[TUHS] end-S/long-S (was: Re: GNU eqn clarifications and reforms)

Wesley Parish wobblygong at gmail.com
Fri Jun 16 19:39:27 AEST 2023

I ſaw Mommy kiſſing ſanta Klaus, underneath the miſtletoe laſt night ...

re: compound words in English ending is "s" - bossman, bossmonkey, etc. 
Though in the case of "Godzone", a somewhat tongue-in-cheek name for New 
Zealand derived from "God's Own", a tribute to New Zealand's natural 
wonders, the "s" has been replaced by "z" ...

Yes, it's an interesting feature of European alphabet development.

Wesley Parish

On 16/06/23 19:43, markus schnalke wrote:
> Hoi.
> [2023-06-16 07:07] "G. Branden Robinson" <g.branden.robinson at gmail.com>
>> For inſtance, the United States uſed to employ a non-final lowercaſe S
>> in the founding documents of its preſent government, where you can see
>> exhibits of the "Congreſs of the United States".
> In old German, up to WWII, namely in Fraktur (the printed letters)
> and Sütterlin (the handwritten letters) both kinds of S are
> present.
> Today, the long-S has only survived in some old company and
> restaurant names, many of them changing by and by to the end-S,
> because younger Germans can't read long-S and don't understand it
> anymore.  Newer names don't use it the long-S, even if they are
> written in Fraktur letters, which would demand for the long-S.
> For example the beer brand Warsteiner changed the long-S in 2013 to
> the end-S.
> https://1000logos.net/wp-content/uploads/2020/01/Warsteiner-Logo-history.png
>> (Although if anyone wants to tell me whether non-final s was applied to
>> the trailing ends of non-final morphemes _within_ words, I'm all ears.)
> I'm no language expert, so I don't really know what morphemes are.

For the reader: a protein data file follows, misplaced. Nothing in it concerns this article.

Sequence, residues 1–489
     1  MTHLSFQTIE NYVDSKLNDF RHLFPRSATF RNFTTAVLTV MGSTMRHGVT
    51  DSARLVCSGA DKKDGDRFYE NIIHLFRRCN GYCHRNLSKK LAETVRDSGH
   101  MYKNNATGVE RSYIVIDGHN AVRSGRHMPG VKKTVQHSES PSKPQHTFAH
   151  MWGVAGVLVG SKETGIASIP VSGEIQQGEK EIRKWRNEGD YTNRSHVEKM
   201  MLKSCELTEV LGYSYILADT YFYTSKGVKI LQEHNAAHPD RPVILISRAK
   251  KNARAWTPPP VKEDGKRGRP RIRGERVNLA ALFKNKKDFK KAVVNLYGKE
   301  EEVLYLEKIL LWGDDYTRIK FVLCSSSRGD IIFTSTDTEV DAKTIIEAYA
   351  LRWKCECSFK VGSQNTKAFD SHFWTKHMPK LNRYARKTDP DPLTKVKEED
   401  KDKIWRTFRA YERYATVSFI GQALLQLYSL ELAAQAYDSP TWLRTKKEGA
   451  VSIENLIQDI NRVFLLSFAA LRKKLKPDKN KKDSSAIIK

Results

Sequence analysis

> What I do know is that the round-S (i.e. end-S) is applied to the
> end of words, parts of compound words (typical for German), and in
> some situatuations even to parts of words. -- But only in Fraktur
> and Sütterlin, not in modern German (latin alphabet), which does
> no longer have a long-S.
> Examples:
> End of word: Haus (engl: house)
> Middle of word: Kiſte (engl: box)
> Compound word: Hausmaus (engl: house mouse)
> Hauſmaus would be wrong.
> In such cases the end-S is in the middle of the word. Such
> compounds are typical for German. If you have an english word
> like ``downhill'', where two separate words joined into one,
> the end-S of the first part would still remain an end-S,
> although it moved into the middle of the word. (Sorry, I
> cannot find an english example where the first word part ends
> with s.)
> There's a famous example for the difference the distinguishing
> between s and ſ can make:
> 	Wachſtube, i.e. Wach-Stube (engl: guardhouse)
> 	Wachstube, i.e. Wachs-Tube (engl: wax tube)
> In modern German context is necessary to know which meaning
> of Wachstube is the right one, in old German it's clear from the
> writing.
> Besides compounds German is also infamous for it's prefixes. If
> you combine the prefix ``aus'' (engl: out) with other words, the
> end-S remains as well:
> 	ausgezeichnet (engl: excellent -- wordly: out-marked)
> 	Ausfahrt (engl: exit for vehicles -- wordly: out-drive)
> Using the long-S in these situation would be wrong.
> That means: Whenever one uses a word, that can stand alone (and is
> thus well-known for it's shape), as part of a larger word, the part
> stays the same, even within other words, keeping its end-S.
> Generally I'd say, but take this only as a rule of thumb, because
> I'm not enough expert in this: You use an end-S in all situation
> where you would want to avoid a ligature of the s with the next
> letter. Long-S can have ligatures with the following letter and
> there are common ones in German. (In Wachſtube an st-ligature
> would be preferred.) End-S will never have ligatures with the
> following letter.
> This at least is the situation concerning old German, as
> understood by someone with curiousity for the topic but without
> real lingual knowledge.
> meillo

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